16. Recurrent Streptococcus agalactiae Toxic Shock Syndrome Triggered by a Tumor Necrosis Factor-α Inhibitor

    PubMed Central

    Yoshida, Masataka; Takazono, Takahiro; Tashiro, Masato; Saijo, Tomomi; Morinaga, Yoshitomo; Yamamoto, Kazuko; Nakamura, Shigeki; Imamura, Yoshifumi; Miyazaki, Taiga; Sawai, Toyomitsu; Nishino, Tomoya; Izumikawa, Koichi; Yanagihara, Katsunori; Mukae, Hiroshi; Kohno, Shigeru

    2016-01-01

    Streptococcal toxic shock syndrome caused by group B streptococcus (GBS) is a rare, but lethal disease. We experienced a 45-year-old woman with pustular psoriasis who developed toxic shock-like syndrome during infliximab treatment. Surprisingly, similar episodes recurred three times in one year with restarting of infliximab treatments. In the third episode, GBS were detected in blood, urine, and vaginal secretion cultures. These episodes of shock syndrome were possibly due to GBS. To the best of our knowledge, this is the first case report of recurrent streptococcal toxic shock syndrome possibly caused by GBS which was induced by anti-TNF-α inhibitor therapy. The restarting of biological agents in patients with a history of toxic shock syndrome should therefore be avoided as much as possible. PMID:27803422

  17. Evidence for the Sialylation of PilA, the PI-2a Pilus-Associated Adhesin of Streptococcus agalactiae Strain NEM316

    PubMed Central

    Morello, Eric; Mallet, Adeline; Konto-Ghiorghi, Yoan; Chaze, Thibault; Mistou, Michel-Yves; Oliva, Giulia; Oliveira, Liliana; Di Guilmi, Anne-Marie; Trieu-Cuot, Patrick; Dramsi, Shaynoor

    2015-01-01

    Streptococcus agalactiae (or Group B Streptococcus, GBS) is a commensal bacterium present in the intestinal and urinary tracts of approximately 30% of humans. We and others previously showed that the PI-2a pilus polymers, made of the backbone pilin PilB, the tip adhesin PilA and the cell wall anchor protein PilC, promote adhesion to host epithelia and biofilm formation. Affinity-purified PI-2a pili from GBS strain NEM316 were recognized by N-acetylneuraminic acid (NeuNAc, also known as sialic acid) specific lectins such as Elderberry Bark Lectin (EBL) suggesting that pili are sialylated. Glycan profiling with twenty different lectins combined with monosaccharide composition by HPLC suggested that affinity-purified PI-2a pili are modified by N-glycosylation and decorated with sialic acid attached to terminal galactose. Analysis of various relevant mutants in the PI-2a pilus operon by flow-cytometry and electron microscopy analyses pointed to PilA as the pilus subunit modified by glycosylation. Double labeling using PilB antibody and EBL lectin, which specifically recognizes N-acetylneuraminic acid attached to galactose in α-2, 6, revealed a characteristic binding of EBL at the tip of the pilus structures, highly reminiscent of PilA localization. Expression of a secreted form of PilA using an inducible promoter showed that this recombinant PilA binds specifically to EBL lectin when produced in the native GBS context. In silico search for potentially glycosylated asparagine residues in PilA sequence pointed to N427 and N597, which appear conserved and exposed in the close homolog RrgA from S. pneumoniae, as likely candidates. Conversion of these two asparagyl residues to glutamyl resulted in a higher instability of PilA. Our results provide the first evidence that the tip PilA adhesin can be glycosylated, and suggest that this modification is critical for PilA stability and may potentially influence interactions with the host. PMID:26407005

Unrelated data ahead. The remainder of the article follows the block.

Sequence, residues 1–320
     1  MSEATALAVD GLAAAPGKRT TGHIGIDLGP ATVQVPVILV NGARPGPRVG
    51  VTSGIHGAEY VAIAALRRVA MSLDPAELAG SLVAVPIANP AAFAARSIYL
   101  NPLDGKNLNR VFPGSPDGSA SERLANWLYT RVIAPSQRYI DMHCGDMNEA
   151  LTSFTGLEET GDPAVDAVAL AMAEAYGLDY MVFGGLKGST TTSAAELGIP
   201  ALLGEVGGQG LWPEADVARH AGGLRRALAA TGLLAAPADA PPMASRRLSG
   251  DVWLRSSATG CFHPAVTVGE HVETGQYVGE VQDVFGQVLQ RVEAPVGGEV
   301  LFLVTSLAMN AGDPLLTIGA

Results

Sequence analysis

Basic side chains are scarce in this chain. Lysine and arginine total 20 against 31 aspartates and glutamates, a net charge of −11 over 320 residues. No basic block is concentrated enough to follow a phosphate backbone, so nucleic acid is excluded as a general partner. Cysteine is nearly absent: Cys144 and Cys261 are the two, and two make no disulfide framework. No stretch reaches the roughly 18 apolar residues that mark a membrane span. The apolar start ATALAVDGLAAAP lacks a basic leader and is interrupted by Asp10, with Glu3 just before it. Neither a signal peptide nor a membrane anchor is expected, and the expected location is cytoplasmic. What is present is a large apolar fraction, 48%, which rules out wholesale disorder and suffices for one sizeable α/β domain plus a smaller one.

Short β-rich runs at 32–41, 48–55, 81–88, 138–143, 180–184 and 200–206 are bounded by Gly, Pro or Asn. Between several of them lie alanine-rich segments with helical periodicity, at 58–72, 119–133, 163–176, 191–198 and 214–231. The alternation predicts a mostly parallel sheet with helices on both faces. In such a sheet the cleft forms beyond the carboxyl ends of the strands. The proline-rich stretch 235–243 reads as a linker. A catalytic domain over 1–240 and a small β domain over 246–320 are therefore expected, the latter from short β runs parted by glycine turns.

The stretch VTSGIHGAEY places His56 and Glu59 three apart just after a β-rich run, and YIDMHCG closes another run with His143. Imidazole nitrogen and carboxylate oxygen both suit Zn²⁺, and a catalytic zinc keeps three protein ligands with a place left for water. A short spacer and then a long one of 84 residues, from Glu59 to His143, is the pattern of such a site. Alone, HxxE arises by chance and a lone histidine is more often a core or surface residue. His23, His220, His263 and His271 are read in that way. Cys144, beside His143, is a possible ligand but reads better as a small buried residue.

18. Molecular characterization and expression of CD2BP2 in Nile tilapia (Oreochromis niloticus) in response to Streptococcus agalactiae stimulus.

    PubMed

    Gan, Zhen; Wang, Bei; Lu, Yishan; Cai, Shuanghu; Cai, Jia; Jian, JiChang; Wu, Zaohe

    2014-09-10